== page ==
Some of the hundred-or-so updates that Apple has introduced with the 3.0 OS concern the AppStore too.
The greatest update for the AppStore is the option to log in directly from iPhone as well as to create new accounts.
Browsing screenshots of apps in the Store is now changed as well with a sideways scrolling.
Application subscriptions for a monthly fee are also among the new features. Some applications will offer users services based on a monthly flat rate. AT&T Navigator is a nice example.
Also third-party applications can now have In-App Purchases, meaning paid apps will be able to offer users optional upgrades or modules directly from the application environment (think an e-book reader with books available for purchases). Unfortunately, free apps will not be able to offer paid upgrades.
The business model for in-app purchases will be the same as the current model: Apple gets 30 percent of the revenue, while developers take home 70 percent.
In this section, we'll discuss only the applications that have been upgraded in some aspects compared to the old iPhone 3G.
Probably the most commonly used one is Notes. Notes now feature a local search field which looks for the requested information in the title and note's body.
You can also swipe-to-delete a note without opening it. Finally the notes now can also be synchronized to third party applications (Outlook) via iTunes.
iPhone 3.0 OS has finally got another application that's basic for most other phones - the Voice Memos. The simple interface reveals old style microphone and two controls - one for record/pause and other for listing the recorded clips. Files are recorded in m4a format with very good quality but not too big for sharing. Audio records can also be trimmed and saved as well as shared via MMS or Email.
You can also label each record with with pre-defined tags including None, Podcast, Interview, Lecture, Idea, Meeting, Memo or you can input your own Label via the Custom tag.
The Calendar is almost unchanged. There is still no landscape view or week view. Except this, there are two new features for Exchange users. You can now add Invitees and set Availability when adding a new event.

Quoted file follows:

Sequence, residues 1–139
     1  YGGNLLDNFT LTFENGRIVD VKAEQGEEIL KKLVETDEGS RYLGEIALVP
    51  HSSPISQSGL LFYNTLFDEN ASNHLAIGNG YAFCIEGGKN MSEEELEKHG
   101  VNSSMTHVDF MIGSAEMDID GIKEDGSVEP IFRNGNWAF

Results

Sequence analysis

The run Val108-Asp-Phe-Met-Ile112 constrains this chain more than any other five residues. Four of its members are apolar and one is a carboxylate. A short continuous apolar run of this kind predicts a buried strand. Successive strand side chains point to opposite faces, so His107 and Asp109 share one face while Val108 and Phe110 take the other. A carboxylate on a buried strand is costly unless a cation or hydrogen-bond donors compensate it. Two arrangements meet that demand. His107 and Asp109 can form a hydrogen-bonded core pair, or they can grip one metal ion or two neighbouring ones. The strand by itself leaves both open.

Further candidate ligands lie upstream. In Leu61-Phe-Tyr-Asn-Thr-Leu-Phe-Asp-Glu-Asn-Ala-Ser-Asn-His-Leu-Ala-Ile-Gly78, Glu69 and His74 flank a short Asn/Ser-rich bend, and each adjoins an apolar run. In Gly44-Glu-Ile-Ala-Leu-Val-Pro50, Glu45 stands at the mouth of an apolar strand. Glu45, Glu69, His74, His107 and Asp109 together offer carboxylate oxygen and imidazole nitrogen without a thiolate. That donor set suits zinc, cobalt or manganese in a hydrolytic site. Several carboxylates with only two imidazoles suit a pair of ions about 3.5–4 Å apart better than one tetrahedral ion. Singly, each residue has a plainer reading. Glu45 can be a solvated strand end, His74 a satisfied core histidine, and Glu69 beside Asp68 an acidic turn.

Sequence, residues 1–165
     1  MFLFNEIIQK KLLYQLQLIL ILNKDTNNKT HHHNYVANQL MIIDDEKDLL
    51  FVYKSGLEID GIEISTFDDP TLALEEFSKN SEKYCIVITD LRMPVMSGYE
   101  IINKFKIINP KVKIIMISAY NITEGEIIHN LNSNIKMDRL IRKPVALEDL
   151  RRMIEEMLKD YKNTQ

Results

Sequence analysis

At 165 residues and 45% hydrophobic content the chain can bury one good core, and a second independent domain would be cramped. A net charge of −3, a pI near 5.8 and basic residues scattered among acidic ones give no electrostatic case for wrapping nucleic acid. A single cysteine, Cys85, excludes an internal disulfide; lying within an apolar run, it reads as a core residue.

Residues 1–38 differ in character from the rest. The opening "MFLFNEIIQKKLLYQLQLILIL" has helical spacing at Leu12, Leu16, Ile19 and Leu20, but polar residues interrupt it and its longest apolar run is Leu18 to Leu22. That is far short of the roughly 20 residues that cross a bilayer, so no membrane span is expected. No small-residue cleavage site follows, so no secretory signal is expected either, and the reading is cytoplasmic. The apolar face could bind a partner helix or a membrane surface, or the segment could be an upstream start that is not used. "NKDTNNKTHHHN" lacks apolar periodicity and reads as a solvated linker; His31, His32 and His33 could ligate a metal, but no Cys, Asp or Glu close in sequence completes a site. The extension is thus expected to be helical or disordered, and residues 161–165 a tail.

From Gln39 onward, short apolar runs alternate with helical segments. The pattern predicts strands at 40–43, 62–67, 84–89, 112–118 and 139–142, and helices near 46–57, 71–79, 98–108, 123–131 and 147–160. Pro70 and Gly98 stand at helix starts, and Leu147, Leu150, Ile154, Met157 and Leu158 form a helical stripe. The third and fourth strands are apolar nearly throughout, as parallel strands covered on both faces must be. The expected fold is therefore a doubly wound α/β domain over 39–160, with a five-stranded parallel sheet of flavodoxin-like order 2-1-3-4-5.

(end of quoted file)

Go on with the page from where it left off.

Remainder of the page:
Deeply hidden in the Settings menu is the the new LDAP (contacts directory), CalDAV, and Calendar Subscription, to be found under Add Account, Other.
The Stocks app powered by Yahoo has got a swipe-across section that displays stocks details, charts and news feeds.
Rotating Stocks to landscape mode now expands the graph to full, wide screen mode, similarly to the calculator application. Point a section on the graph and you'll get an exact price quote for that day. Swiping left or right will reveal info for the other stocks you've subscribed to.
It's true that the iPhone 3GS brings over only incrementing changes, there's nothing ground breaking about it. But before everything else, the newly introduced changes on both software AND hardware level will make the new iPhone 3GS a more balanced smartphone most of all. That will give it some more charisma and it will hopefully lure some new users and get most current iPhone 2G users trade in their devices for a piece of Apple's latest tech.
Sounds like quite a plan and indeed, the iPhone 3GS is a top-notch hardware platform for experiencing one of the most advanced touch user interfaces to date (not to mention the ridiculously easy and dun way to get yourself geared with tons of apps).
But by keeping the old design of the device Apple took quite a risky step. As if they wanted to keep their 3G user base where they are - consuming apps at a fast rate - and are willingly putting them off from upgrading. As we can't really imagine how many people would want to shell out the cash for a new phone that looks just the same as their old one.
The real truth about the iPhone 3GS is that though it may look the same, the 3GS has got some new feel to it that certainly makes a difference.